If you're planning to invest in the bond market, you should learn how to interpret key statistics -- known as "bond tables" after their tabular format. This information is easy to find from numerous sources, including such financial dailies as the "Wall Street Journal," "The Financial Times" and "Investor's Business Daily." You can obtain real-time data by visiting the websites of these publications or tuning into financial news channels such as CNBC or Bloomberg News.
Issuers and Bond Types
Bonds are a type of long-term debt issued by corporations as well as federal, state and local governments. The financial media usually organizes bond market data by bond type, such as U.S. Treasuries, municipals, corporates, mortgage-backed securities and international debt. In addition, bond tables may identify specific bond issuers. For example, the corporate bond section in the back of a newspaper might list Microsoft and General Electric as issuers. The issuer's name may sometimes be represented by its stock symbol, such as MSFT for Microsoft or GE for General Electric.
Maturities and Coupons
Bond tables will list a bond's maturity, or the date when the issuer is contractually required to repay the debt's principal. Bonds with early redemption features, such as callable bonds, are often flagged along with their early redemption date. In addition, bond tables will include a bond's coupon, or the interest rate as a percentage the bond's face value. For example, a bond with a face of value of $1,000 and a coupon of 6 percent would pay $6 of interest annually, irrespective of the bond's trading price.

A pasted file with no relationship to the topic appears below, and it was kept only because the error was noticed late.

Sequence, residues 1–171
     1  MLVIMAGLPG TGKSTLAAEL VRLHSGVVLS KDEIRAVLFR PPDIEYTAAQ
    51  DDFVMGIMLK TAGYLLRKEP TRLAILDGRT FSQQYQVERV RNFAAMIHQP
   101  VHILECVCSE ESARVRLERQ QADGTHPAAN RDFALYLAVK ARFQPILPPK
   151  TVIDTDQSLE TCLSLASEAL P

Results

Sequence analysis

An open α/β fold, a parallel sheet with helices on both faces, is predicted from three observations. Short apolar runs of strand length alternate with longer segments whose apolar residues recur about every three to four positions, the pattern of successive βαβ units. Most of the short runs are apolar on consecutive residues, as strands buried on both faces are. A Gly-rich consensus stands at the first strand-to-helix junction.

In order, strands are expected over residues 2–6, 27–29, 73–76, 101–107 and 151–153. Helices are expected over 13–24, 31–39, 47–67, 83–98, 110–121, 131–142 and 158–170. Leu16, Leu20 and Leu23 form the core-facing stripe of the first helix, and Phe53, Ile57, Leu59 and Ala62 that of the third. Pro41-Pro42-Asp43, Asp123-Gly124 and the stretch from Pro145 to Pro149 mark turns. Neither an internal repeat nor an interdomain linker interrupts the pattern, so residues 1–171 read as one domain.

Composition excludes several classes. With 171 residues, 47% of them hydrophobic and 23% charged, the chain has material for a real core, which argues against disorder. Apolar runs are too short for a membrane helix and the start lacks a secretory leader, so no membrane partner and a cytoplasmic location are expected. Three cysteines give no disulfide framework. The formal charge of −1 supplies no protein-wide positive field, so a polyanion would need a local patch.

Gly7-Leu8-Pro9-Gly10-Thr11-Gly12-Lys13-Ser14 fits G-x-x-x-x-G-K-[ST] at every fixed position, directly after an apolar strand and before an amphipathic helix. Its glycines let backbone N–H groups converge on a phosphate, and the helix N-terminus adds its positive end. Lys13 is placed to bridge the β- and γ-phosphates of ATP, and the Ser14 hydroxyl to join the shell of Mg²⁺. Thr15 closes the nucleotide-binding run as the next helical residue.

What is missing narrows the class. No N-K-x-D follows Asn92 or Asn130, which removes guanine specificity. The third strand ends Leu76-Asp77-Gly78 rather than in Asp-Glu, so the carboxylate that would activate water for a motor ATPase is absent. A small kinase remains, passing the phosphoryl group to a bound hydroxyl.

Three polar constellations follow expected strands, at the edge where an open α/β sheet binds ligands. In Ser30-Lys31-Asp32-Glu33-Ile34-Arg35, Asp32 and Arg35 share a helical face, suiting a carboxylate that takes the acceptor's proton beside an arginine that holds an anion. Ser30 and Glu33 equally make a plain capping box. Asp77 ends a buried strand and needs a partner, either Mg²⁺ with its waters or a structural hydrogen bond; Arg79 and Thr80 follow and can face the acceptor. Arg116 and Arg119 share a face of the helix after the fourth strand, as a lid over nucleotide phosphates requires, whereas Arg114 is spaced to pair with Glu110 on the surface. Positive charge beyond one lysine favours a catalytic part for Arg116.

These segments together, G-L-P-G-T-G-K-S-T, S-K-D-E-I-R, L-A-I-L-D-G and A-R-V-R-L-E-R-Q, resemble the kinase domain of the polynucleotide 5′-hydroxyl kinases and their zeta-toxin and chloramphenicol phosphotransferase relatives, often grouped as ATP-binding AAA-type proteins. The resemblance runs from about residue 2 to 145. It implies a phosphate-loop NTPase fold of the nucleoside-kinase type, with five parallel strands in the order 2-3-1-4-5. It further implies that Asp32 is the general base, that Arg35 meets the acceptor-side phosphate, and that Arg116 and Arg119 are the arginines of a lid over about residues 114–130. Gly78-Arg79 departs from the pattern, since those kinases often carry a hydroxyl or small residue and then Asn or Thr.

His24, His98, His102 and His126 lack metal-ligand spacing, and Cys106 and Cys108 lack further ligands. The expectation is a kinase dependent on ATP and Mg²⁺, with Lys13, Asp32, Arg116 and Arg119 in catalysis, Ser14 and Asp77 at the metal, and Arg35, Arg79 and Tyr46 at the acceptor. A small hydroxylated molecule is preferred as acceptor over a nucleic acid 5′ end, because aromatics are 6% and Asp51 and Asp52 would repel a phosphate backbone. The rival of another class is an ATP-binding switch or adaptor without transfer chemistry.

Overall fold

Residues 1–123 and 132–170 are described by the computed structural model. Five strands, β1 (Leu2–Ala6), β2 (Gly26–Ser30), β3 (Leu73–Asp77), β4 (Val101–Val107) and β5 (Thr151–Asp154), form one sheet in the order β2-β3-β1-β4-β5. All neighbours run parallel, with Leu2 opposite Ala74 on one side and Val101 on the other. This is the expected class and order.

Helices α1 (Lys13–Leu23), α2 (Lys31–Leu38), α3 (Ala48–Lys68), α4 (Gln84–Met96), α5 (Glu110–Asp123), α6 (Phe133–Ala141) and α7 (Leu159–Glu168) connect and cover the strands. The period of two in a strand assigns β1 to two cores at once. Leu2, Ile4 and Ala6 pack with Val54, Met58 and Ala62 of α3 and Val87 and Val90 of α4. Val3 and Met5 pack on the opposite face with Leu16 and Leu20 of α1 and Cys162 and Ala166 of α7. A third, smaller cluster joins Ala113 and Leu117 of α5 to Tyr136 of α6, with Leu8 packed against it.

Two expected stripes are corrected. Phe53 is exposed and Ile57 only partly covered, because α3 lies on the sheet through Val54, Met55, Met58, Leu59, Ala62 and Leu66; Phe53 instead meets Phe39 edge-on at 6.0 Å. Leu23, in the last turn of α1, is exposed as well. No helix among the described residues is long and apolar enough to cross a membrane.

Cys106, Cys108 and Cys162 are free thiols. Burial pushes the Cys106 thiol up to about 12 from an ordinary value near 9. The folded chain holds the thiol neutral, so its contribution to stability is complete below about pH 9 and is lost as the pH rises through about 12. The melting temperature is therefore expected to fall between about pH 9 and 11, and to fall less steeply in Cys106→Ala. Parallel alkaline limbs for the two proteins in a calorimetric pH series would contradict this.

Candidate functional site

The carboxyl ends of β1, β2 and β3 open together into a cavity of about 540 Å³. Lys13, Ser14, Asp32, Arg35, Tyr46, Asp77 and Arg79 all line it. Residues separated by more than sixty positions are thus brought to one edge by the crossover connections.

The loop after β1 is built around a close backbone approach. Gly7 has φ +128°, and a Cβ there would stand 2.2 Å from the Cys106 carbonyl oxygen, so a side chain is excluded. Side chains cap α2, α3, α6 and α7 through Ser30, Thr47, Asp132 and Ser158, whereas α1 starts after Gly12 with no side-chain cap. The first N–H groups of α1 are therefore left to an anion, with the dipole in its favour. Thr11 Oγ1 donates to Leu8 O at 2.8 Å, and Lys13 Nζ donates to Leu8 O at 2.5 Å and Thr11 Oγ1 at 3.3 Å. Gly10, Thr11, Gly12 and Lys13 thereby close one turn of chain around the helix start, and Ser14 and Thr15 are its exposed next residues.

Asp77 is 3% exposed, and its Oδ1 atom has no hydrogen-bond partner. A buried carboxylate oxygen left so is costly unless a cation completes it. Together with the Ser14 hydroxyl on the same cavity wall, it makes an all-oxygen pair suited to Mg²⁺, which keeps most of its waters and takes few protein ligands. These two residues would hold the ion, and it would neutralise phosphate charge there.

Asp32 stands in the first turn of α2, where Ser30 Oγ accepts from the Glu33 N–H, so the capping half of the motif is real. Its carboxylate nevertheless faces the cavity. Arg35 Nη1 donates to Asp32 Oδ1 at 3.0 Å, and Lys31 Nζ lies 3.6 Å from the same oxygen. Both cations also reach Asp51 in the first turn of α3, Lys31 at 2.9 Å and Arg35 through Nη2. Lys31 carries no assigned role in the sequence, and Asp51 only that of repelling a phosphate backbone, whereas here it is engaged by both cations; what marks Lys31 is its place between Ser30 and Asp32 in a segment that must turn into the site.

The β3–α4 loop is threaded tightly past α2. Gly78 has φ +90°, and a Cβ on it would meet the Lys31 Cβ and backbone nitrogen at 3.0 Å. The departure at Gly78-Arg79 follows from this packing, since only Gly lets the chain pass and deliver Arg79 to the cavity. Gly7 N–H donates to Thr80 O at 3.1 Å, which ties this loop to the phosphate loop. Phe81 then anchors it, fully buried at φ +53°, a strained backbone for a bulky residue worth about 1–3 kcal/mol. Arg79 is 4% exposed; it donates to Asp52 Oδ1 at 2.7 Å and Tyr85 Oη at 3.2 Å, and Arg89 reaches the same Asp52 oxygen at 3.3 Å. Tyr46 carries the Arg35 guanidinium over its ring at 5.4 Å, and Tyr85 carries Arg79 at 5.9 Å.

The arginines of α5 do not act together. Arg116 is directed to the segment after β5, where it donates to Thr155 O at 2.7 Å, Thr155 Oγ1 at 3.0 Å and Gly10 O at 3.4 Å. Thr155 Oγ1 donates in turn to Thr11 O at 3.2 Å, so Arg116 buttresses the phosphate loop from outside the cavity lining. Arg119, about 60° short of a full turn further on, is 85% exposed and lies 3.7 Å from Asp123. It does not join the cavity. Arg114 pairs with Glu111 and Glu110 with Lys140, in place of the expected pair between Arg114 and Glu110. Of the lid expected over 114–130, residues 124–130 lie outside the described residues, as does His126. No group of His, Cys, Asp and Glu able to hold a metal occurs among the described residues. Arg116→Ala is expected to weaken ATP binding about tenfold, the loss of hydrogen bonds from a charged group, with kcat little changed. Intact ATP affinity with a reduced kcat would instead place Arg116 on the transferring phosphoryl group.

Bid and Ask Prices
Bond prices are split into two components: the bid, or the price that buyers are willing to pay, and the ask, or the price at which sellers are willing to sell. U.S. Treasuries are quoted as whole numbers and fractions of 32nds separated by a colon. For example, a 10-year Treasury with a bid of 105:6 means that buyers are willing to pay 105 and 6/32, or $105.1875. Other types of bonds present bid and ask prices slightly differently; municipals, for example, show bonds as whole numbers and fractions of eights, such as 102 1/8.
Yield to Maturity and Yield to Worst
A bond's yield offers a more accurate measure of return relative to its coupon. Bond tables will include a bond's yield to maturity, or how much investors will earn from their investment at current market prices. Bonds that are trading below par, or $100, have a higher yield to maturity than their coupon, whereas the opposite is true of bonds trading below par. For example, a bond with a coupon of 12.5 percent might have a yield of 13.5 percent if it's trading at 98 1/8. Bonds with early redemption features may also be associated with a yield to worst, or the yield in the event that the issuer calls the bond.
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